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Pharmacol Biochem Behav. 2019 Nov 27;188:172833. doi: 10.1016/j.pbb.2019.172833. [Epub ahead of print]

Influence of the CB1 and CB2 cannabinoid receptor ligands on the activity of atypical antidepressant drugs in the behavioural tests in mice.

Author information

1
Department of Applied and Social Pharmacy, Medical University of Lublin, Chodźki 1, 20-093 Lublin, Poland. Electronic address: ewa.poleszak@umlub.pl.
2
Department of Applied and Social Pharmacy, Medical University of Lublin, Chodźki 1, 20-093 Lublin, Poland.
3
Department of Pharmacokinetics and Physical Pharmacy, Jagiellonian University Medical College, Medyczna 9, 30-688 Kraków, Poland.
4
Department of Applied and Social Pharmacy, Laboratory of Preclinical Testing, Medical University of Lublin, Chodźki 1, 20-093 Lublin, Poland.
5
Second Department of Gynecology, Medical University of Lublin, Jaczewskiego 8, 20-090 Lublin, Poland.
6
Department of Animal Physiology, Faculty of Biology and Biotechnology, Maria Curie-Skłodowska University, Akademicka 19, 20-033 Lublin, Poland.
7
Department of Pathophysiology, Medical University of Lublin, Jaczewskiego 8, 20-090 Lublin, Poland.
8
Department of Applied and Social Pharmacy, Laboratory of Preclinical Testing, Medical University of Lublin, Chodźki 1, 20-093 Lublin, Poland. Electronic address: anna.serefko@umlub.pl.

Abstract

Available data support the notion that cannabinoids, whose therapeutic value is limited due to severe adverse reactions, could be beneficial as adjunctive agents in the management of mood disorders. Polytherapy, which is superior to monotherapy in the terms of effectiveness, usually requires lower doses of the individual components. Therefore, the main objective of our study was to determine whether administration of cannabinoid (CB) receptor ligands would enhance the antidepressant activity of atypical antidepressant drugs, i.e. agomelatine and tianeptine. To evaluate the antidepressant-like potential of the tested combinations, the mouse forced swim test (FST) and the tail suspension test (TST) were used. The HPLC method was applied to assess the brain levels of agomelatine and tianeptine. Both behavioural tests demonstrated that per se an ineffective intraperitoneal dose of oleamide (CB1 receptor agonist, 5 mg/kg) potentiated the anti-immobility activity of tianeptine (15 mg/kg), whereas AM251 (CB1 receptor inverse agonist/antagonist, 0.25 mg/kg) enhanced the antidepressant effects of tianeptine and agomelatine (20 mg/kg). Intraperitoneal co-administration of per se inactive doses of AM630 (CB2 receptor inverse agonist/antagonist) and agomelatine or tianeptine significantly reduced the immobility time of animals only in the FST. CB receptor ligands did not affect the brain levels of the tested atypical antidepressants. In summary, the outcomes of the present study showed that activation and inhibition of CB1 receptors as well as inhibition of CB2 receptors may increase the antidepressant activity of tianeptine, whereas only inhibition of CB1 and CB2 receptors has a potential to augment the antidepressant activity of agomelatine.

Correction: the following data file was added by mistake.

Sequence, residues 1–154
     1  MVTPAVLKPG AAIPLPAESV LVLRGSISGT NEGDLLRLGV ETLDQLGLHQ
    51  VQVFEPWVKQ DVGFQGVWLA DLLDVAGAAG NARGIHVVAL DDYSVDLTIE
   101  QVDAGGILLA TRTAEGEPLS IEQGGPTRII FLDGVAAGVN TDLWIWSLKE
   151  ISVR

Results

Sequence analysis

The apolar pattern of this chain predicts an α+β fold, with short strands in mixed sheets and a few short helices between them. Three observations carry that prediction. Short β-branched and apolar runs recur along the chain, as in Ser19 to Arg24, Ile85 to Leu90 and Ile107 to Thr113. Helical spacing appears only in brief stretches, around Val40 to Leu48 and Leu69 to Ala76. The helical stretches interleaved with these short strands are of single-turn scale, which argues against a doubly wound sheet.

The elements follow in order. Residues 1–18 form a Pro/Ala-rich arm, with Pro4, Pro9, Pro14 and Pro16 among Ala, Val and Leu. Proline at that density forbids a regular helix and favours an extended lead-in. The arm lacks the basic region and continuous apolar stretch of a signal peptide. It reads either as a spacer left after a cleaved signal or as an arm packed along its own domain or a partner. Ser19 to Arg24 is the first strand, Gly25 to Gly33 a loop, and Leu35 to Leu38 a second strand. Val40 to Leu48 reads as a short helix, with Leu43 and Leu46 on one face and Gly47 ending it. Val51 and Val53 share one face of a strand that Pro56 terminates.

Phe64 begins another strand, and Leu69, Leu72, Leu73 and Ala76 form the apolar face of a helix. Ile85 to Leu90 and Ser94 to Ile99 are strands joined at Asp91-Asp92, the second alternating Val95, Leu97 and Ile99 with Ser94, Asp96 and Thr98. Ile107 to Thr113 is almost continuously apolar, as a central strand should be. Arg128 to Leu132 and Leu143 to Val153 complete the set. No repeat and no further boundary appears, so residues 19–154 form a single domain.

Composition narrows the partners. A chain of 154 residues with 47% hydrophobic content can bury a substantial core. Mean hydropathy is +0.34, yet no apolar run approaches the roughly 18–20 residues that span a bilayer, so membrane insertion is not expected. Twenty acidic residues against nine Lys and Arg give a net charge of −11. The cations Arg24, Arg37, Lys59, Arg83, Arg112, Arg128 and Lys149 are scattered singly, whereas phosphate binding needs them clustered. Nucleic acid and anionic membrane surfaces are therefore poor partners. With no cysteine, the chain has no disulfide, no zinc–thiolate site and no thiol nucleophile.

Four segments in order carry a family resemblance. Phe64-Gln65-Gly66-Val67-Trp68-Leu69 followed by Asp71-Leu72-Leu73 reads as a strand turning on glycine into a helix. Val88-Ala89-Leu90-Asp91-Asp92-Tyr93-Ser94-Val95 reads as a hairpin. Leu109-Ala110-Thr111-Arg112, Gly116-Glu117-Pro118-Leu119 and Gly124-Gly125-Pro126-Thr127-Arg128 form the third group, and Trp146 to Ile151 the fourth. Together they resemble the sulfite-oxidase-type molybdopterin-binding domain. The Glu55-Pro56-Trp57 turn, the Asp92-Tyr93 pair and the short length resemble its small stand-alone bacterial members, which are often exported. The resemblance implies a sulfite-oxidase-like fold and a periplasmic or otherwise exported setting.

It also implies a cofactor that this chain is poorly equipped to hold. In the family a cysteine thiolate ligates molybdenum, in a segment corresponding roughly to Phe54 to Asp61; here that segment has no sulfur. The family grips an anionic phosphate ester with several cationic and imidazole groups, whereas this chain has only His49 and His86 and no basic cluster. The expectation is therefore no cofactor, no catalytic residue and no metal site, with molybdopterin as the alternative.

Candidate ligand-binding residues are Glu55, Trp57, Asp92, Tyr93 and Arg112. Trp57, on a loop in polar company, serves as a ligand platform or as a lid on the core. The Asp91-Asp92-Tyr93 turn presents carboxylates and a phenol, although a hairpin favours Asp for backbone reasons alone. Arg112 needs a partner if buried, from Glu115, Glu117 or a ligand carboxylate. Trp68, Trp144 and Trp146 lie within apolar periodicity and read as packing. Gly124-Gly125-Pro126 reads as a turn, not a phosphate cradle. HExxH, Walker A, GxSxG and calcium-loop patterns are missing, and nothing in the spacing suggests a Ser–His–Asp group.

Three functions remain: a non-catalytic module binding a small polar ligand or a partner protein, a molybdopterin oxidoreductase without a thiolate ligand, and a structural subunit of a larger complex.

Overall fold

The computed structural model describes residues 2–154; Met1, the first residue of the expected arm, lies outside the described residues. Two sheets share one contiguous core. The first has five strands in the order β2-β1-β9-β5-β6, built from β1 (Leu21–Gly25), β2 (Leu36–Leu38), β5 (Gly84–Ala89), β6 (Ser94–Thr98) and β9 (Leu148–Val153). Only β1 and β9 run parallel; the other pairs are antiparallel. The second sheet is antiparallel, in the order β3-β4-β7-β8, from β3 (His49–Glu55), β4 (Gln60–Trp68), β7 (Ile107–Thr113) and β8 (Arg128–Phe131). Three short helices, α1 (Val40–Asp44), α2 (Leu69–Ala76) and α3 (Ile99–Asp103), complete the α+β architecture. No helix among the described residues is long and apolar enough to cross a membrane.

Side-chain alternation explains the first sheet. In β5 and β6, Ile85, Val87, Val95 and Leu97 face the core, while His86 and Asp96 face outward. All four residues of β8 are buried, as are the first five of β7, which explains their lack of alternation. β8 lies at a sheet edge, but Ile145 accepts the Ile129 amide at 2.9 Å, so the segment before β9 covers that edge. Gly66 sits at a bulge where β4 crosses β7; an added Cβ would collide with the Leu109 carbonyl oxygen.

KEYWORDS:

AM251; AM630; Agomelatine; JWH133; Oleamide; Tianeptine

PMID:
31785246
DOI:
10.1016/j.pbb.2019.172833

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